Leo Henricus Arthur Baekeland was born November 14, 1863 in Ghent, Belgium.
His father was a cobbler and his mother a house maid.
Leo graduated with honors from the Ghent Municipal Technical School and was awarded a scholarship by the City of Ghent to study chemistry at the University of Ghent, where he graduated in 1882 before going on to acquire his PhD maxima cum laude in 1884.
He was subsequently appointed associate professor of chemistry and went on to marry Céline Swarts, the daughter of the head of the chemistry department in 1889.
The couple honeymooned in New York City, where he met Richard Anthony, of the E. and H.T. Anthony photographic company. Leo had already invented a process to develop photographic plates using water instead of other chemicals, and was interested in moving to America.
Richard Anthony saw potential in the young chemist and offered Leo a job.
Leo worked for the Anthony company for two years, and in 1891 set up in business for himself as a consulting chemist. However, a spell of illness and disappearing funds made him rethink his actions and he decided to return to his old interest of producing a photographic paper that would allow enlargements to be printed by artificial light.
After two years of intensive effort he perfected the process to produce the paper in 1893, which he named Velox.
Velox photographic paper made black and white images suitable for contact printing.
At the time however, the US was suffering a recession and there were no investors or buyers for his proposed new product, so Leo became partners with Leonardi Jacobi and established the Nepera Chemical Company in Nepera Park, Yonkers, New York.
In 1897, Leo became a naturalized American citizen.
Then in 1899, Leo Baekeland, Leonardi Jacabi, and Albert Hahn, a further associate, sold Nepera to George Eastman of the Eastman Kodak Co. for $750,000.
With the sale, Velox would become the first commercially successful photographic paper and Leo earned circa $215,000 net from the transaction.
With a portion of the money, Leo purchased “Snug Rock”, a house in Yonkers, New York, and set up his own well-equipped laboratory.
Invention of Bakelite
When asked later why he entered the field of synthetic resins, Leo answered “to make money.”
His first objective was to find a replacement for shellac (made from the excretion of lac beetles).
Leo also began to investigate the reactions of phenol and formaldehyde.
He first produced a soluble phenol-formaldehyde shellac called “Novolak” that never became a market success as a brand, but still exists as Novolac.
Leo then turned to developing a binder for asbestos, which at that time was molded with rubber.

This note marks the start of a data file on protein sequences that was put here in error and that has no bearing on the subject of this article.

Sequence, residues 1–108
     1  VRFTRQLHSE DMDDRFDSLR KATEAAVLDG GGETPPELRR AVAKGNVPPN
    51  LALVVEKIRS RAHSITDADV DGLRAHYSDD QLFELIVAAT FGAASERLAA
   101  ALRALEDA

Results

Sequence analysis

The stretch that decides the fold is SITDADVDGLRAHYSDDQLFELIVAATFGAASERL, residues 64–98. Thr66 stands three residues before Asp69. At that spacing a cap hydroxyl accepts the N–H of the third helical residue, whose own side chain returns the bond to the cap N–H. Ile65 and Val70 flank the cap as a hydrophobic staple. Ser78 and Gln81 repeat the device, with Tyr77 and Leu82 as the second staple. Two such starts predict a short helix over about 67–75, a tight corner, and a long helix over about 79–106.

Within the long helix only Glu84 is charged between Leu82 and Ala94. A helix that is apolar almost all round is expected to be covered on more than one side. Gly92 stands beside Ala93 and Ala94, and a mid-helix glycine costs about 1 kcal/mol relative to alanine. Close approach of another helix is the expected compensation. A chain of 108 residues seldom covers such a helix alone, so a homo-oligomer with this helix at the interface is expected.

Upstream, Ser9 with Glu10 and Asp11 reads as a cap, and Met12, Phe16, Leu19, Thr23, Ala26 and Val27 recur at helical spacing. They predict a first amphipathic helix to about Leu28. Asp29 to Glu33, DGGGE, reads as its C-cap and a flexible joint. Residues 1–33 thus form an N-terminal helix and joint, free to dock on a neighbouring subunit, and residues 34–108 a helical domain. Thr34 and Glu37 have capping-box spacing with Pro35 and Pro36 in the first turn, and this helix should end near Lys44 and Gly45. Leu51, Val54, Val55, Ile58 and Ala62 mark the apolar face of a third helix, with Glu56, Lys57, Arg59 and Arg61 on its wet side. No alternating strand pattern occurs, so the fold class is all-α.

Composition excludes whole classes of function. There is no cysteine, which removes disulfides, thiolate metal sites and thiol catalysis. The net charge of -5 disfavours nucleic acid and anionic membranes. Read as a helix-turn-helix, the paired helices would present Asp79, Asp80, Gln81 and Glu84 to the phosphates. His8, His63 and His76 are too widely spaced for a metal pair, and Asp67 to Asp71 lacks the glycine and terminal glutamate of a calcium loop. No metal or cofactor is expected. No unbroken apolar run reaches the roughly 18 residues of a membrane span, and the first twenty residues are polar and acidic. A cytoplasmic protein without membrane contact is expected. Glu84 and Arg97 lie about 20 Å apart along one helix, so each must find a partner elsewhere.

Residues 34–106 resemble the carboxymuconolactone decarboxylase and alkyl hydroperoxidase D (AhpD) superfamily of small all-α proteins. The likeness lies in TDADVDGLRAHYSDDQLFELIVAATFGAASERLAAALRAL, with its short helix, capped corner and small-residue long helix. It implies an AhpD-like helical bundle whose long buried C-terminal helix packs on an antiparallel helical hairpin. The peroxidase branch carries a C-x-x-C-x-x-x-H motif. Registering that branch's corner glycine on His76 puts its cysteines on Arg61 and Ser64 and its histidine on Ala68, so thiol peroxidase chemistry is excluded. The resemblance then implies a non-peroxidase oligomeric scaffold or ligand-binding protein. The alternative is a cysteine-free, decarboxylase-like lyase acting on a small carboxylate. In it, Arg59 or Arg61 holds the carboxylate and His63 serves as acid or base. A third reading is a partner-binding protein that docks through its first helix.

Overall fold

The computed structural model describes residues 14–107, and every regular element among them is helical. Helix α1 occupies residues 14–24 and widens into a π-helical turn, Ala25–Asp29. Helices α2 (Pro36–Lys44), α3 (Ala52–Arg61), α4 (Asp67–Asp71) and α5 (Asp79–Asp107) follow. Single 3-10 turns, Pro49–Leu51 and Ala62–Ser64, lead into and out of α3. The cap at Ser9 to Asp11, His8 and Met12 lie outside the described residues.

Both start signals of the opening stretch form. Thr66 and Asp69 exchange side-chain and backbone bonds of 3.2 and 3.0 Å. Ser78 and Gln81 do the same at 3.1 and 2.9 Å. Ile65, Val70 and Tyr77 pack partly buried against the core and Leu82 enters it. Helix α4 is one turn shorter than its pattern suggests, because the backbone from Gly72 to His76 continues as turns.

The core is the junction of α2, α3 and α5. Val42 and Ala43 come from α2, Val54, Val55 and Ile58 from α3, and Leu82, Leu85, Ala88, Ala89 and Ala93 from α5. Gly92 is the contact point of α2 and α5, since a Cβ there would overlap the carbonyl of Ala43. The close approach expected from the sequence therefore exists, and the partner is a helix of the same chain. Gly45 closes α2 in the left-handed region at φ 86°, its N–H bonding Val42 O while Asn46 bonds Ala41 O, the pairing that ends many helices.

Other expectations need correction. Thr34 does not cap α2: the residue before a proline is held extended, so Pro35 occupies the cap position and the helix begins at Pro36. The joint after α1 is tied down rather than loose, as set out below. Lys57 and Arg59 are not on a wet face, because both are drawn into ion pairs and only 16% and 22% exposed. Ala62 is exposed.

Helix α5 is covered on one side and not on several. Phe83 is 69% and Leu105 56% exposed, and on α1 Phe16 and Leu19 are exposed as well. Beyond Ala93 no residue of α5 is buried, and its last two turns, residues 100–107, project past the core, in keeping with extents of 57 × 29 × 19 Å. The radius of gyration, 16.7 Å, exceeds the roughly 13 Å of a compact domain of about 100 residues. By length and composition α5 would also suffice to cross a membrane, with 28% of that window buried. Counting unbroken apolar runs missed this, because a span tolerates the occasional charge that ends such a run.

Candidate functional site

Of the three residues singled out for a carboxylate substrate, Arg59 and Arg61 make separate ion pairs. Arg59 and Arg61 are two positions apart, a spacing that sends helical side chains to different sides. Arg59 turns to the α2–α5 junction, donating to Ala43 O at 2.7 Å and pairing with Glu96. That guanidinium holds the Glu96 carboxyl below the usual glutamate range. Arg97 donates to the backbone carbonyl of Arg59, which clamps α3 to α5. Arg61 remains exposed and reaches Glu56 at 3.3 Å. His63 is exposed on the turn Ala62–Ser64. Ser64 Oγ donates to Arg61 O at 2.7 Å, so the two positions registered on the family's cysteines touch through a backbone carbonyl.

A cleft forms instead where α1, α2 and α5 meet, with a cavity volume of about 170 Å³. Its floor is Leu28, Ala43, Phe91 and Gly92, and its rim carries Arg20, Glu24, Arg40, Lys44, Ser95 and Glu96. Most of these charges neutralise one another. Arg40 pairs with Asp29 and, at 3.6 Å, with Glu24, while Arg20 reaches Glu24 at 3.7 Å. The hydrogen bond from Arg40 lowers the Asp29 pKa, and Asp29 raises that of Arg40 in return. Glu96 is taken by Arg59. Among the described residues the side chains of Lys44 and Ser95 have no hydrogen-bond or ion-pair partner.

By controlling the pressure and temperature applied to phenol and formaldehyde, he produced his dreamed-of hard moldable plastic he called Bakelite. The chemical name for his Bakelite is polyoxybenzylmethylenglycolanhydride.
He then filed for a process patent for making insoluble products of phenol and formaldehyde in July of 1907.
Then on Feburary 5, 1909, Leo Baekeland officially announced his achievement at a meeting of the New York section of the American Chemical Society.
He was finally granted his US Patent 942699 on December 7, 1909, which marked the beginning of the modern age of plastics.
As a result, Leo founded the General Bakelite Company in 1910 to manufacture Bakelite from phenol, then known as carbolic acid, and formaldehyde. These could then be mixed, heated, and either molded or extruded.
Bakelite was the first plastic invented that held its shape after being heated.
Radios, telephones and electrical insulators were made of Bakelite because of its excellent electrical insulation and heat-resistance. Soon its applications spread to most branches of industry.
In 1917, Leo received a special appointment as professor of chemistry at Columbia University.
Then in 1922, his General Bakelite Company merged with the Condensite Company and the Redmanol Chemical Products Company to form the Bakelite Corporation.
Leo went on to patent more than 55 inventions, including processes for the separation of copper and cadmium, and for the impregnation of wood.
As he got older he became more eccentric, getting into fierce battles with his son and presumptive heir over salary and other issues.
Leo sold the General Bakelite Company to Union Carbide in 1939 and, at his son’s prompting, he retired.
In 1940, Leo was awarded the Franklin Medal.
He became a recluse, eating all of his meals from cans and becoming obsessed with developing an immense tropical garden on his winter estate in Coconut Grove, Florida.
Leo then died of a cerebral hemorrhage in a sanatorium in Beacon, New York on February 23, 1944.
He is buried in Sleepy Hollow Cemetery in Sleepy Hollow, New York.
At the time of his death, the world production of Bakelite was ca. 175000 tons, and it was used in over 15,000 different products.
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